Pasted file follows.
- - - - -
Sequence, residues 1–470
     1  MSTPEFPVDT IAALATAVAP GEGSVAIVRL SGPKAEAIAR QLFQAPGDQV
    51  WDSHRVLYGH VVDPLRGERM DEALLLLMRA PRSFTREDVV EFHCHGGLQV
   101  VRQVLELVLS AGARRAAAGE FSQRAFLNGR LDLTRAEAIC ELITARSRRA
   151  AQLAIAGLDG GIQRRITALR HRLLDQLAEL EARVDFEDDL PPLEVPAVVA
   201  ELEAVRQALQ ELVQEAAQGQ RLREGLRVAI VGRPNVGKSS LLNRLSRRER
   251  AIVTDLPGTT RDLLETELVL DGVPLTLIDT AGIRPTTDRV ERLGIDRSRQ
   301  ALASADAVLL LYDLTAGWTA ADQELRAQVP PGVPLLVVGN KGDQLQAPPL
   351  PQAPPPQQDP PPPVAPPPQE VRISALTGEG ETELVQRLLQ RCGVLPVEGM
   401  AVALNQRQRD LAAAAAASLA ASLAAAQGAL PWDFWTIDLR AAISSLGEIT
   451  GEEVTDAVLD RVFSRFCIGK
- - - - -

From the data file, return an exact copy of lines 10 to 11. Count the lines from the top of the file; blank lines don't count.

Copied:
   401  AVALNQRQRD LAAAAAASLA ASLAAAQGAL PWDFWTIDLR AAISSLGEIT
   451  GEEVTDAVLD RVFSRFCIGK